BME 314 Lecture 6 2010

BME 314 Lecture 6 2010 - Drug Delivery I Krish Roy, Ph.D....

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Unformatted text preview: Drug Delivery I Krish Roy, Ph.D. Associate Professor Dept. of Biomedical Engineering Learning Objectives At the end of this lecture students should be able to Write the diffusion equations (Fick’s Laws of Diffusion) Derive the kinetic diffusion equation from first principles Explain why they need to understand diffusion and transport in order to study drug delivery, tissue engineering etc. Define and explain what is meant by controlled release of drugs Outline the advantages of controlled release concepts Define and mathematically express the release kinetics from controlled release drug delivery devices Understand how the diffusion constant varies with different parameters Explain and discuss in the various methods of controlled drug delivery First law of diffusion: Fick’s Law Diffusion is defined as the movement of solute molecules from a higher to a lower concentration gradient. This molecular movement occurs by a “random walk” mechanism in which molecules are continually colliding with each other while moving “on average” towards a particular direction The diffusive flux, i.e. the mass per unit time of solute movement is mathematically expressed as : Where δ C/ δ x is the concentration gradient in the direction of solute movement And D is the constant of proportionality and is defined as the Diffusion constant or Diffusion coefficient From a “random walk” derivation D is related to the root mean square displacement and time interval (t) by If a particle takes time T to diffuse L mm. how long will it take to diffuse 2L mm? x C D J ∂ ∂- = Dt x rms 2 = Mass conservation: Second law of diffusion Δx Δy Δz x z y J x (x) J x (x + Δx) J y (y) J y (y + Δy) J z (z) J z (z + Δz) General Balance Equation = (in – out) + generation = Accumulation Mass conservation: Second law of diffusion From the law of conservation of mass: Dividing by ∆ x ∆ y ∆ z and taking the limit of the differential volume 0, we get Combining equation (1) and (2) we get: z y x t C a y x J J z x J J z y J J z z z y y y x x x ∆ ∆ ∆ ∂ ∂ = + ∆ ∆-- ∆ ∆-- ∆ ∆-- ∆ + ∆ + ∆ + ) ( ]...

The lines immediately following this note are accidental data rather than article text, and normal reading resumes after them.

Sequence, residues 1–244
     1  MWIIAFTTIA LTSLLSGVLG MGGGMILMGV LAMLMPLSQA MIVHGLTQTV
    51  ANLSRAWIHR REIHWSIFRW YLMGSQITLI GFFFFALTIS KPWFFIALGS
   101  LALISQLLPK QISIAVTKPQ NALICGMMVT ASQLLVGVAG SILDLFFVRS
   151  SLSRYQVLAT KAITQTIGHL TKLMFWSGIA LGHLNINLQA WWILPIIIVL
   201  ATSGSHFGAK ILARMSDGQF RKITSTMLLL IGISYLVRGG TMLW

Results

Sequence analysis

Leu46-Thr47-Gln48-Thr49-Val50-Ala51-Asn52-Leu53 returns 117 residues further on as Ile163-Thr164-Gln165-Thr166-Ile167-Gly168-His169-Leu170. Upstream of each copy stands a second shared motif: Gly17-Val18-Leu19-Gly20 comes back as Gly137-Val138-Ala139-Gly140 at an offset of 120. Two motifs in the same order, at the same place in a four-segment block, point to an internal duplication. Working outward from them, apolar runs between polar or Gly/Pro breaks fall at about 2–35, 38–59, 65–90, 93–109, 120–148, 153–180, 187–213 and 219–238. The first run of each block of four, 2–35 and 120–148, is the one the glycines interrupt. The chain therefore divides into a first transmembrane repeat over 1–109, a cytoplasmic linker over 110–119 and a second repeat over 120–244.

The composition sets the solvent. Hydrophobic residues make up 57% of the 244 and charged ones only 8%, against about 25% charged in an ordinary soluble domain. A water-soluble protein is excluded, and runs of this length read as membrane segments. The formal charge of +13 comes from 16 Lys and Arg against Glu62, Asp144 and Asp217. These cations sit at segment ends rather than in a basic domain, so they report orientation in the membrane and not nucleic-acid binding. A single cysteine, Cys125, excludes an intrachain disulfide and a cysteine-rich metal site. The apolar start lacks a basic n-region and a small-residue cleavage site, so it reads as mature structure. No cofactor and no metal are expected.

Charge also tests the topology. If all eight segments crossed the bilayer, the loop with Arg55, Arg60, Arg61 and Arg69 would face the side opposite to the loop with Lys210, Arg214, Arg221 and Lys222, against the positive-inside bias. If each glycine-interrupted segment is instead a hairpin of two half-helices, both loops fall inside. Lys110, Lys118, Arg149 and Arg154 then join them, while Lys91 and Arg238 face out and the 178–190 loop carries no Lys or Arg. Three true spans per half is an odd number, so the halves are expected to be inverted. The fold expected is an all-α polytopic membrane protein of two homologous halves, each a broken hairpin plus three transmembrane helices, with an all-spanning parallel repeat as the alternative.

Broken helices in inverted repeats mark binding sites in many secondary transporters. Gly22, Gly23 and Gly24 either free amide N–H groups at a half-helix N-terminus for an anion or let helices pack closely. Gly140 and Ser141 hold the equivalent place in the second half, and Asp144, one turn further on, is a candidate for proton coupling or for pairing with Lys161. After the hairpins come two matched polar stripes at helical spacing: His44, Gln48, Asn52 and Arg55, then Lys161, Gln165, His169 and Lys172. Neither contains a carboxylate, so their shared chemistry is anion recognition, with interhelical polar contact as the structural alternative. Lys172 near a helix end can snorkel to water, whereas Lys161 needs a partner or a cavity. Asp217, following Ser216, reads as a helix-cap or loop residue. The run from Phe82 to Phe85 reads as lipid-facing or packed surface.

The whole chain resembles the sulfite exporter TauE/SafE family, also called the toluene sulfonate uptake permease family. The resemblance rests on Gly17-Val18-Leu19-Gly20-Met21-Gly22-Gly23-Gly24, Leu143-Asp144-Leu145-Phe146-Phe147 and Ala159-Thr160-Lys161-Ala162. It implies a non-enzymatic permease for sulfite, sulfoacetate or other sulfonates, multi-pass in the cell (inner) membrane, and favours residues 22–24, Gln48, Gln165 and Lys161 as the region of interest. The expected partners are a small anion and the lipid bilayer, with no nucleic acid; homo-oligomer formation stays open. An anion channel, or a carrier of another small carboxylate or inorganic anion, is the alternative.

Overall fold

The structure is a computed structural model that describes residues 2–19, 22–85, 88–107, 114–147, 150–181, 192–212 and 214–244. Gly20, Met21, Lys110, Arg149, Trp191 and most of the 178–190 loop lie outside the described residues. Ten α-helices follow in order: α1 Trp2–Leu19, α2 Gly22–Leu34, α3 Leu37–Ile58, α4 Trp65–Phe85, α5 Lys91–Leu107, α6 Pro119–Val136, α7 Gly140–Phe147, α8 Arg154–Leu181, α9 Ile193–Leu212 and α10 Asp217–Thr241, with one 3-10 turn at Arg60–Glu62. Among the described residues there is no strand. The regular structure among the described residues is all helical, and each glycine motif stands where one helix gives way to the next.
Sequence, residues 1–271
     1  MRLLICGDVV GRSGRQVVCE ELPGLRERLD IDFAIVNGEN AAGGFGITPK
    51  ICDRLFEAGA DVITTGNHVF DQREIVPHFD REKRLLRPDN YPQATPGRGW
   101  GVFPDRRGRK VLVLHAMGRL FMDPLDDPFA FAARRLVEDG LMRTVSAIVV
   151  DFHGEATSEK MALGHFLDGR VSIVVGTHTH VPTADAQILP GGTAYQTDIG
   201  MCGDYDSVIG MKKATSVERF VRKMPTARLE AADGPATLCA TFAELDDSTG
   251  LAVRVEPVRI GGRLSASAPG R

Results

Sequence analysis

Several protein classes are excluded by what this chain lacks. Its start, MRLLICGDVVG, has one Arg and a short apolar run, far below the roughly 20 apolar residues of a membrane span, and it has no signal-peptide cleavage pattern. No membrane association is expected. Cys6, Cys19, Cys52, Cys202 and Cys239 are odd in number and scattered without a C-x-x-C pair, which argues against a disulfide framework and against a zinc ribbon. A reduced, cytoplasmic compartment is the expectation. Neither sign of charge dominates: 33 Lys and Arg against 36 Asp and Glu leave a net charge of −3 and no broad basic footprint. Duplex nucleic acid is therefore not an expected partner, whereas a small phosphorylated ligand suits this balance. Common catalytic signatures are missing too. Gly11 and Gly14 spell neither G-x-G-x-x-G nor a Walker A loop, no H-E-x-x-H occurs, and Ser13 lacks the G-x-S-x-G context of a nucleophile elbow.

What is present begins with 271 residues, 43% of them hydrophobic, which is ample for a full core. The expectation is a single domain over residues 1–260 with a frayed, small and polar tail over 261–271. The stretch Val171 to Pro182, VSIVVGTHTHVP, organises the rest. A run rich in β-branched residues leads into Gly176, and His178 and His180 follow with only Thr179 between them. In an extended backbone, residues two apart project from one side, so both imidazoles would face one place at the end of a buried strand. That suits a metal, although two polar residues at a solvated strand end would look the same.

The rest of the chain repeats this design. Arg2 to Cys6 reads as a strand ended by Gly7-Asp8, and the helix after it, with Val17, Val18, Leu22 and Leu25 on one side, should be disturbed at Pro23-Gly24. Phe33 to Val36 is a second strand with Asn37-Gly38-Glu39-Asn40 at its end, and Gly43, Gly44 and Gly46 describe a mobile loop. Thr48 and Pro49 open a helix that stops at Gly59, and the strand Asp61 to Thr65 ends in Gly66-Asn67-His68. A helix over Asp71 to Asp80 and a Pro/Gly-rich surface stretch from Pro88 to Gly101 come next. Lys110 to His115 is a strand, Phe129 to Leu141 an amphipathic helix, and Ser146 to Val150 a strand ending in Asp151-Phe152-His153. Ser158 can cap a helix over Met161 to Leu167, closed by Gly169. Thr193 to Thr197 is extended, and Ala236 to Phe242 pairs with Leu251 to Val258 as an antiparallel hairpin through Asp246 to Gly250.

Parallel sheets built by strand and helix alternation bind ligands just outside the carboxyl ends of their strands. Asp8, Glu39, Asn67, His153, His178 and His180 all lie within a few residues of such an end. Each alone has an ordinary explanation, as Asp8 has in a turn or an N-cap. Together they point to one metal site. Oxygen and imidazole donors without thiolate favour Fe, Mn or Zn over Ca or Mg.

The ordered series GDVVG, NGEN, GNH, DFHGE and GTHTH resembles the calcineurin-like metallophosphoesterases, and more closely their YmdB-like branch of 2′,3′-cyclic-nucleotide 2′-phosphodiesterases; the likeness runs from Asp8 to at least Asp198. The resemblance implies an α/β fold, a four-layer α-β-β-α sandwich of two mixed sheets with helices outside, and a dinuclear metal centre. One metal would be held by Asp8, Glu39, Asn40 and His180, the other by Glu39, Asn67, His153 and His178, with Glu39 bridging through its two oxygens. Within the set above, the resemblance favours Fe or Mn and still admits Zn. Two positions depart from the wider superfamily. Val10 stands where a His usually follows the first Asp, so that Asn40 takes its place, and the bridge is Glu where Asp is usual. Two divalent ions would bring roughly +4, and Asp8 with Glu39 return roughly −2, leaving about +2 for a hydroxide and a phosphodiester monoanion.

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This note was uploaded on 11/29/2010 for the course BME 314 taught by Professor Frey during the Fall '08 term at University of Texas.

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BME 314 Lecture 6 2010 - Drug Delivery I Krish Roy, Ph.D....

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